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The REAL-ID deadline has been delayed again. What does this mean for traveling through airport security and boarding your flight? Here is the essential information you need to make sure that you can get through airport security, the new deadline for getting a REAL-ID and information on whether your kids need a REAL-ID.
What is REAL-ID?
The concept for REAL-ID goes back two decades. After the tragic events of September 11th, the 9/11 Commission made several recommendations to improve security for access to federal facilities and commercial aircraft.
One recommendation: The federal government should set definitive standards for identification documents such as driver’s licenses.
The federal REAL-ID Act of 2005 set minimum security standards for state-issued driver’s licenses and identification cards.
What’s the REAL-ID Deadline?
After many delays, the deadline for getting a REAL-ID is now May 3, 2023.
After that date, the Transportation Security Administration (TSA) will allow only people with state-issued IDs that meet the REAL-ID requirements to go through security at US airports.
Applies to US Domestic Flights ONLY
Just to be clear: REAL-ID applies to flying within the United States only. This change does not impact identification documents needed to travel abroad. You’ll still need a valid passport for that.
In addition to being able to board domestic flights, Real ID compliant driver’s licenses and ID cards (sometimes known as a walker’s ID, for those who don’t drive) can be used to access federal buildings, including military bases and nuclear power plants.
TravelingMom Tip: You can use your passport as an acceptable form of ID to board domestic flights as well as international flights.
What Does REAL-ID Look Like and What Does It Cost?
REAL-ID cards will generally have a gold or black star at the top of the card, usually in the top right-hand corner. If you’re not sure if yours is compliant, it’s easy to check with your local Department of Motor Vehicles (the office that issues driver’s licenses) to make sure yours meets the Real ID requirements for your state.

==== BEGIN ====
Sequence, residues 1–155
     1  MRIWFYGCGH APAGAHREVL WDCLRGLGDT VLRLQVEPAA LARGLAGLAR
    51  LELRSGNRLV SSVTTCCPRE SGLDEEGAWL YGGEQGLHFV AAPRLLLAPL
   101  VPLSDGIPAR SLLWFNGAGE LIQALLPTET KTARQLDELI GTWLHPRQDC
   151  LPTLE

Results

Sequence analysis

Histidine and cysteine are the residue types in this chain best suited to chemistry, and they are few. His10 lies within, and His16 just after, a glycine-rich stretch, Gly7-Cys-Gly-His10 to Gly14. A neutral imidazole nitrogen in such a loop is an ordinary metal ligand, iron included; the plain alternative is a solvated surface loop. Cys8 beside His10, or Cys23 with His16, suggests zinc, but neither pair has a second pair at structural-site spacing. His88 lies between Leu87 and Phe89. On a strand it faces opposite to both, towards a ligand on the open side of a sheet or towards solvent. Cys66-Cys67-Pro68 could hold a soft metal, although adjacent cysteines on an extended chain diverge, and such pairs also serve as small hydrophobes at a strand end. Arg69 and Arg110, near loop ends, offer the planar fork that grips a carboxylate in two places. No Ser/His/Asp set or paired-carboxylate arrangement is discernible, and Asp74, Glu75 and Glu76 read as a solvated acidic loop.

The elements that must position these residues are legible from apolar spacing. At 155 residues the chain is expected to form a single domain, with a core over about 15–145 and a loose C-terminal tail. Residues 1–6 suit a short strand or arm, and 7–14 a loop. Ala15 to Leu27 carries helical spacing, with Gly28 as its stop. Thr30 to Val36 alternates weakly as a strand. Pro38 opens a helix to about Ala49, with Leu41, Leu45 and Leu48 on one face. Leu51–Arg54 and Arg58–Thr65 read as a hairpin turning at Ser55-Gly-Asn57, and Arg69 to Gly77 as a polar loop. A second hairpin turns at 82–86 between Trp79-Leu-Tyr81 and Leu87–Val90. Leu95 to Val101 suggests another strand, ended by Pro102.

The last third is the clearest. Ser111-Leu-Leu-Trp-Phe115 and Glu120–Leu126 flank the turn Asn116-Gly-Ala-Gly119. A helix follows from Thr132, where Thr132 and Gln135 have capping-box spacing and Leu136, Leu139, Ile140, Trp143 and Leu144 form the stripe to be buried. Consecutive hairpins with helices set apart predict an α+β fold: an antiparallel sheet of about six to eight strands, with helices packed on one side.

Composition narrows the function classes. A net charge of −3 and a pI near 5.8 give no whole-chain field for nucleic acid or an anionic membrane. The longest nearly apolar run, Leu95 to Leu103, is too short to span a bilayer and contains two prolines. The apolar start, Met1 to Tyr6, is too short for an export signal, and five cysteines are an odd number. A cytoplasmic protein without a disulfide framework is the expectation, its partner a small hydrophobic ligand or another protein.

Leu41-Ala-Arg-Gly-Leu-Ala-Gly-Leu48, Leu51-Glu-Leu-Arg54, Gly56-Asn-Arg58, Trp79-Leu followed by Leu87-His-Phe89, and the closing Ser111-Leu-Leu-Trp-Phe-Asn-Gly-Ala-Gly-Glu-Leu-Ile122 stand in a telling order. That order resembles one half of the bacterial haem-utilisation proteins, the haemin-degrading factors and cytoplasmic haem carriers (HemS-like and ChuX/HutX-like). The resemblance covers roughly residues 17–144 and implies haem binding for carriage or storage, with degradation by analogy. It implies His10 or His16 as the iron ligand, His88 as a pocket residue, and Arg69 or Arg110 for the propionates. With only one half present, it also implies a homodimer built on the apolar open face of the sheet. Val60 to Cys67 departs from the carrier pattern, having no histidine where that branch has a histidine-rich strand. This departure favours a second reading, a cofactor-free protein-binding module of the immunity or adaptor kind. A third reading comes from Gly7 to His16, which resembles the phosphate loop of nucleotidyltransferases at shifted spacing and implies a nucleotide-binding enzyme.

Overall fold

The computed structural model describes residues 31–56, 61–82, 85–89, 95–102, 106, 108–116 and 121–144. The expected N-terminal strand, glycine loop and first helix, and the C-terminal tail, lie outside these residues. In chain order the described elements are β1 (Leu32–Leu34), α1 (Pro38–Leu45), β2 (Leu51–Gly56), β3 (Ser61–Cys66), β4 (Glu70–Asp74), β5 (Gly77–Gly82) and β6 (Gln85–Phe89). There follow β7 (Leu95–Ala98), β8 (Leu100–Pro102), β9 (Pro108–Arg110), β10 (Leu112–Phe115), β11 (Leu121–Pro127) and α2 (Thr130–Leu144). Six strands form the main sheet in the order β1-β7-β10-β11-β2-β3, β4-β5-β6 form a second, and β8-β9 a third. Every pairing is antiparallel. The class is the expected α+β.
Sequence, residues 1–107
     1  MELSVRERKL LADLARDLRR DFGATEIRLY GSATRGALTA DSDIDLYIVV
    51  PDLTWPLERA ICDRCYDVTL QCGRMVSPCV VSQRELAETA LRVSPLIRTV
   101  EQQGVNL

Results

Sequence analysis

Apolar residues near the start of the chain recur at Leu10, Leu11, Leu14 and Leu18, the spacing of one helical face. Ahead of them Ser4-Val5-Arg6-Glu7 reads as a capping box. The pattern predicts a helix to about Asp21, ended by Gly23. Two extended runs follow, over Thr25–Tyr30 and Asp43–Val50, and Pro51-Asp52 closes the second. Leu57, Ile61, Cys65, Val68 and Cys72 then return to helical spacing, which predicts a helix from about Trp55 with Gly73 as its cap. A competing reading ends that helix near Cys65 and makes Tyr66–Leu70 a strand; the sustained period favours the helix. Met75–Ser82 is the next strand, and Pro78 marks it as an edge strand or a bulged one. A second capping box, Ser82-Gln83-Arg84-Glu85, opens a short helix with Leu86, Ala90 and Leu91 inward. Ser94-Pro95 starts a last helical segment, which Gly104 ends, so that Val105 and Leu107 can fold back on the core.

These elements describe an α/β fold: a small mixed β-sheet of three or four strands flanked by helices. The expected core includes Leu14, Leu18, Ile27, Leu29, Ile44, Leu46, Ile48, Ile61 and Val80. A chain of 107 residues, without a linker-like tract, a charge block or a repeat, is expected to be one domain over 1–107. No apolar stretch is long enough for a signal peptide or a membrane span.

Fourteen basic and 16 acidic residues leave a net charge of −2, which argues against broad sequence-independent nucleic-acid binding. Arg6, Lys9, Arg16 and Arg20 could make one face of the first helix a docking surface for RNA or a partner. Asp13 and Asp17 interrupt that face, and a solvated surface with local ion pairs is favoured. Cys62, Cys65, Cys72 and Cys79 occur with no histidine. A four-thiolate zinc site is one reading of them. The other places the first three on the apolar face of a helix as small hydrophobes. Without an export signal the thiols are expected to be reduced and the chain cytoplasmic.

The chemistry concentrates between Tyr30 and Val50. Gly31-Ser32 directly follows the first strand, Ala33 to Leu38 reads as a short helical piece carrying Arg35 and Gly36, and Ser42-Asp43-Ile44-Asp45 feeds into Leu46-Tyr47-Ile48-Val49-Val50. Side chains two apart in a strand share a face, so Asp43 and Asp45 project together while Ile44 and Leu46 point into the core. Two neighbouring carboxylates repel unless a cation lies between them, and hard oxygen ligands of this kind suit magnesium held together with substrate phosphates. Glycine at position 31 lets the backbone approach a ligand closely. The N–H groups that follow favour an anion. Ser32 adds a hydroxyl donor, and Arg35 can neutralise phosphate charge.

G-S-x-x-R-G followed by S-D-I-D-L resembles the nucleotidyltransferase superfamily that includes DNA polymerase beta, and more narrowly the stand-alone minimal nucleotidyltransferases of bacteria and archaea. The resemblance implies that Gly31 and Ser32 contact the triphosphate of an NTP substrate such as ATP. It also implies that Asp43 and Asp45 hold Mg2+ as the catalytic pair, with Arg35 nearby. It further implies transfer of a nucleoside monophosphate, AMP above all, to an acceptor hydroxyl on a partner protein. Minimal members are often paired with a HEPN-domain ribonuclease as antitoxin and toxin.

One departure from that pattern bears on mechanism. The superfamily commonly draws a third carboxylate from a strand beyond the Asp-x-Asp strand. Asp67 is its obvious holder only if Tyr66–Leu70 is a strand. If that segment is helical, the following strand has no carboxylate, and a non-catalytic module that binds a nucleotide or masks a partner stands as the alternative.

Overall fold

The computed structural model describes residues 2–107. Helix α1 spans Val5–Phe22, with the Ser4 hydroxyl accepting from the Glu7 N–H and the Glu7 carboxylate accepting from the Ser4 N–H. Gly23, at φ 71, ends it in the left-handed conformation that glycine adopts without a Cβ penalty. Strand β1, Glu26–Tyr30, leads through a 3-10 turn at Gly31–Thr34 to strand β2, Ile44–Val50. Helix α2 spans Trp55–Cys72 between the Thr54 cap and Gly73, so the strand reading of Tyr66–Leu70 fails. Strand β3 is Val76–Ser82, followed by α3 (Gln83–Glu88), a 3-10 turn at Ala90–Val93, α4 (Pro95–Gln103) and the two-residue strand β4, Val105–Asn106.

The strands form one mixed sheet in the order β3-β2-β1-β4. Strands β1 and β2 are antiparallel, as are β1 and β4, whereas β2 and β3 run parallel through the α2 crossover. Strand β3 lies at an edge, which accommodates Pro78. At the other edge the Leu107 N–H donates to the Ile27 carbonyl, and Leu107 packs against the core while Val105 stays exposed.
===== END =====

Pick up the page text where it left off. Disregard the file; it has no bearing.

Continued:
The cost for a REAL-ID-compliant card varies from state to state. It is up to each state to determine if upgrading a driver’s license or ID card is equivalent to the cost of a renewal, a duplicate or a brand new license.
How Do I Get a REAL-ID?
You must go in person to your local DMV with documents that prove your age and identity, Social Security number and address.
That generally means presenting a birth certificate or passport, a Social Security card or tax form such as a W-2, and two proofs of address, such as utility bills that have been mailed to you. If you’ve changed your name through marriage, you also need bring your marriage certificate.
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Can I Fly Without a REAL-ID?
Yes. Until May 3, 2023, anyone can fly without a REAL-ID. After May 3, 2023 (unless it gets delayed yet again), anyone age 18 or older must have a REAL ID-compliant driver’s license or identification card, state-issued enhanced driver’s license, or another TSA-acceptable form of identification, according to a statement from the Department of Homeland Security.
This new deadline comes after many delays — this latest delay moved the deadline from October 2021. Several state lawmakers requested the delay because they said the pandemic slowed down their ability to issue REAL-ID compliant.
Many DMV offices were closed to in-person service during the pandemic and REAL-ID paperwork needs to be presented in person at DMV offices.
Until May 3, 2023, the sources of identification you currently use are still acceptable documents for air travel this year: REAL-ID license, non-REAL-ID standard drivers license, permanent resident card, a passport, U.S. military ID, Enhanced ID (offered in some states) or an ID from the federal government’s Trusted Traveler Program. Any of those forms of ID will get you access to security checkpoints at US airports.
In addition to extending the REAL-ID deadline, TSA announced it will accept expired driver’s licenses as identification: “If your driver’s license or state-issued ID expired on or after March 1, 2020, and you are unable to renew at your state driver’s license agency, you may still use it as acceptable identification at the checkpoint. TSA will accept expired driver’s licenses or state-issued IDs for 1 year after expiration,” TSA says.
For additional information on going through airport security now, read these TSA FAQs.
TSA will allow those with driver’s licenses that expired beginning March 1, and who are not able to renew their license, to use it as acceptable ID at checkpoints for 1 year after expiration date, plus 60 days after the #COVID19 national emergency: https://t.co/wn6dItY9zB pic.twitter.com/4MP04hQhma
— TSA (@TSA) March 17, 2020
Do I Need a REAL-ID if I Have a Passport?
A REAL-ID-compliant driver’s license or ID card is necessary if you use either as your primary identification for when you fly within the U.S.
However, there are several other forms of ID that will still be acceptable identification, including a valid passport or a military ID. You can visit the TSA website to see a complete list of acceptable identity documents.
Do My Kids Need a REAL-ID?
The REAL-ID Act only applies to those over 18. From the TSA website: “TSA does not require children under 18 to provide identification when traveling with a companion within the United States. The companion will need acceptable identification.”
What Else Do I Need to Know About REAL-ID?
A REAL-ID is not a substitute for a valid passport for international travel. For travel outside of the United States, a passport is still required.
In addition, a REAL-ID driver’s license or ID card is not required for entering federal facilities such as museums that do not require a person to present identification.